12 Installation (Phase 1) We made some code enhancements: –Quick Submit Program (one page form with license and verification screens) –View counter for items We offered to help load materials and provide metadata services We offered to provide Digitization services as well

13 Quick Submit

14

15 Installation (Phase 1) Other selling points to Faculty and Staff: –guaranteed open access –Google harvesting to make works more publicly available –Handles would provide permanent URL’s –guaranteed storage and web access.

16 Installation (Phase 1) Response to using DSpace from Faculty and Staff was generally poor. Library suffered some unforeseen staff changes in Library Management that were involved in leading DSpace effort. Retirement of the Dean of the Faculty left the project without direction.

17 Installation (Phase 1) By January of 2007, when Matthew Connolly and Philip Davis originally wrote their paper, Cornell’s DSpace repository consisted of a mere 2,646 items with 57 empty collections. To quote Dorothea Salo in Inkeeper at the Roach Motel, it was obvious that our Institutional Repository had to “adapt or die”

18 Installation (Phase 2) Position of Associate University Librarian for Scholarly Communication and Collections was created and Interim head was chosen. AUL set up an Institutional Repository (IR) team of librarians and technical staff founded Work was done to create goals and directions

19 Installation (Phase 2) Several upgrades were done: –DSpace to DSpace to DSpace –PostGreSQL 7.3 to 8.3 Renamed Repository from to Reorganized Collections and Communities and eliminated empty ones. New User Interface design using CSS and some jsp changes.

20 Original Design

21 New Design

22 Installation (Phase 2) New name and design generated positive buzz about the collection More requests for inputting items materialized Different avenues pursued for content

23 Installation (Phase 2) Different sources for content –Division of Fluid Dynamics of the American Physical Society videos for arXiv.org

24 Installation (Phase 2) Different sources for content –Cornell Cooperative Extension publications

25 Installation (Phase 2) Different sources for content –Technical Reports from NCSTRL Repository and from Operations Research and Information Engineering

26 Installation (Phase 2) Different sources for content –Cornell Alumni Magazine and Cornell Chronicle historical content

27 Installation (Phase 2) Different sources for content –Conference proceedings Conference proceedingsConference proceedings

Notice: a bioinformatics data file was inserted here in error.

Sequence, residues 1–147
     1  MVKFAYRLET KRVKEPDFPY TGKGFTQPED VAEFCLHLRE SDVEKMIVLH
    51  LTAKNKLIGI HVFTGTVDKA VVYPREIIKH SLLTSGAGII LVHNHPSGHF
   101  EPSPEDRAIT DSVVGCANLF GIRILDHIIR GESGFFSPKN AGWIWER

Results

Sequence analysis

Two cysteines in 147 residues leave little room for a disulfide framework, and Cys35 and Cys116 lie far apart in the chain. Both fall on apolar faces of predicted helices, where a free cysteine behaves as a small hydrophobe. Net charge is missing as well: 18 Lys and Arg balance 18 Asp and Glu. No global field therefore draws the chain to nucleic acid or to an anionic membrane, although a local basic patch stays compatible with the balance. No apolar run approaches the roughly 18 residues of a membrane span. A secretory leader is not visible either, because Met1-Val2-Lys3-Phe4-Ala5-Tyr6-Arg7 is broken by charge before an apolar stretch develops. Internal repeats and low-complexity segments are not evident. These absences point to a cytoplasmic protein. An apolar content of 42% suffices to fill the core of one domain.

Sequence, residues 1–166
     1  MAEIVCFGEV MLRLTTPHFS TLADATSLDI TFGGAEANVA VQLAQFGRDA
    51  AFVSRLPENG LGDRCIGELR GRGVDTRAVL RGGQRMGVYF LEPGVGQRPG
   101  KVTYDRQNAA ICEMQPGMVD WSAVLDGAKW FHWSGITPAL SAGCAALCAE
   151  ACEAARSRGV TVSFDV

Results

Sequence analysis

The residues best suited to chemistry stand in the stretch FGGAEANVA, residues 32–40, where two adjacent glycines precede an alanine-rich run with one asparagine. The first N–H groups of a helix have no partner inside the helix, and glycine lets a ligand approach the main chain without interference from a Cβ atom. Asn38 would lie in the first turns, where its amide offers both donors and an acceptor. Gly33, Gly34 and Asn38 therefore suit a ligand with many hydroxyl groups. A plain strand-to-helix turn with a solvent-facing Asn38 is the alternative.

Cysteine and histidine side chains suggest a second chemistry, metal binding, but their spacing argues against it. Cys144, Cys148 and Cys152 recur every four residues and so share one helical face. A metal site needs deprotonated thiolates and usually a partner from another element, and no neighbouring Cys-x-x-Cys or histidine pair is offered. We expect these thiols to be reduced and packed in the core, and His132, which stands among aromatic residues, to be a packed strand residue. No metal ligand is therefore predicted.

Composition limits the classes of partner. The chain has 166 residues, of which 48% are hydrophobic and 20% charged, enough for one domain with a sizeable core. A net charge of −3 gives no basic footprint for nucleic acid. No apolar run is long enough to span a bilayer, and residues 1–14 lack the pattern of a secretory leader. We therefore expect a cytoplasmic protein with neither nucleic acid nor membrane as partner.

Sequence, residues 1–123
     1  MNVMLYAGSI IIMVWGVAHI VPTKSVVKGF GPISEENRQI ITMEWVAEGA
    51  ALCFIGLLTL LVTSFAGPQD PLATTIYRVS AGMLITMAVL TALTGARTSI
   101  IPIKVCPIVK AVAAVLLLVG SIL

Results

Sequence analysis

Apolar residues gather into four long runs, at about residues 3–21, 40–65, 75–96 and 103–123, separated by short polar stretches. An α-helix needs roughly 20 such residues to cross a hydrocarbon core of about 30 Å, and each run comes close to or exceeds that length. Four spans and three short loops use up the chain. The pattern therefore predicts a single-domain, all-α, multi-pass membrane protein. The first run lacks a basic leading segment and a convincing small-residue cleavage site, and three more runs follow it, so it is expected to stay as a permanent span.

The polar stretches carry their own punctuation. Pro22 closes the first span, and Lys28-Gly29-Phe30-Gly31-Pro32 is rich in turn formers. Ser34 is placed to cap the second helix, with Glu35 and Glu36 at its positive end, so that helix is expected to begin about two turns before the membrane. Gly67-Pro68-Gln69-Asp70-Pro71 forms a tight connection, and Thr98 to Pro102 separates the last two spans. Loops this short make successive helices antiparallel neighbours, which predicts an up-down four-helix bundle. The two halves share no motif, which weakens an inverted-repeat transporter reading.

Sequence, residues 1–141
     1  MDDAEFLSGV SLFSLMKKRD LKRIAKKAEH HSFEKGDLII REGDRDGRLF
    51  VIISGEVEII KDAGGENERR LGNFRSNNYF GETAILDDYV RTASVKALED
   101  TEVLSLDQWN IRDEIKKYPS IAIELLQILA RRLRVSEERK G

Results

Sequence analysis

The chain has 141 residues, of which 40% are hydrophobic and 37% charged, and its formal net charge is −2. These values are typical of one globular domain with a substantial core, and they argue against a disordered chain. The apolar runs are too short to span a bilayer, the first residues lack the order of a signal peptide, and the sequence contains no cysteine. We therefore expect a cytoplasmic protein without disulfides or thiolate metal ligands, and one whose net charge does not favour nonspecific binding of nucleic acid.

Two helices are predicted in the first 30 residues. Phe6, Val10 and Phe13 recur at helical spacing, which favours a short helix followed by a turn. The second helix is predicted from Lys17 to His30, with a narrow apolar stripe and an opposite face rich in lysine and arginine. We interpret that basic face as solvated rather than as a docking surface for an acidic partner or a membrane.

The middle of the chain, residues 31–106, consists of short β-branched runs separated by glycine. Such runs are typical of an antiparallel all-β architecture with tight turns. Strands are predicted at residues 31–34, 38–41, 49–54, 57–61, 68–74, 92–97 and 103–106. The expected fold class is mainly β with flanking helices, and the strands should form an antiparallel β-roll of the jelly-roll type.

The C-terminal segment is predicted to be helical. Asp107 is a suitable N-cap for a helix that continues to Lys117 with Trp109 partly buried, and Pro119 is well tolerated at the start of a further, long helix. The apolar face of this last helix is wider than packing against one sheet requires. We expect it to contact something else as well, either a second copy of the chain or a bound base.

28 Installation (Phase 2) Different sources for content –Oral Histories Oral HistoriesOral Histories

29 Installation (Phase 2) Different sources for content –Web Site Archives Web Site ArchivesWeb Site Archives

30 Installation (Phase 2) Different sources for content –Faculty Works Nimat Hafez Barazangi Scholarly Works Nimat Hafez Barazangi Scholarly Works

31 Installation (Phase 2) Different sources for content –Faculty works Richard Baer on Religion, Education, and the Public Square Richard Baer on Religion, Education, and the Public Square

32 Installation (Phase 2) Different sources for content –Faculty works Billie Jean Isbell Andean Collection Billie Jean Isbell Andean Collection

33 Installation (Phase 2) Focus on providing access to materials that are “losing their home”, or previously unavailable on the web. Working with Graduate School to mandate electronic submissions of Theses and Dissertations Other Avenues such as –harvesting our Domain –Works seeking publisher –Local community works of importance (The Cayuga Lake Watershed Network) The Cayuga Lake Watershed Network)The Cayuga Lake Watershed Network)

34 Installation (Phase 2) (The Cayuga Lake Watershed Network) The Cayuga Lake Watershed Network)The Cayuga Lake Watershed Network)

35 Results Size of repository tripled in one year from 2,646 items in 01/07 to 8,193 in 01/08. As of 4/16/08: As of 4/16/08: 9,436 Many items added through batch loads (ie. Tech Reports)

36 Results Analysis of Items in YearTheses/ Dissertations Internet- First Press Library Papers ResearchTOTAL * ** ***4139 TOTALS * 1078 images batch loaded for Cornell Plantations ** 966 NYS Ag Bulletins and 98 Alumni News batch loaded ***2932 Engineering Technical Reports, 139 Vet Lab Reports (139) and 45 Cornell Pubs batch loaded

37 Results Number of hits increased by 4 times (recorded over a 6 month period) from 738,624 in 2006 to 3,331,983 in About 70% of hits from Robots Hits increased as content increased Non-Robot hits were around 130,000 to 150,000, but showed a gradual increase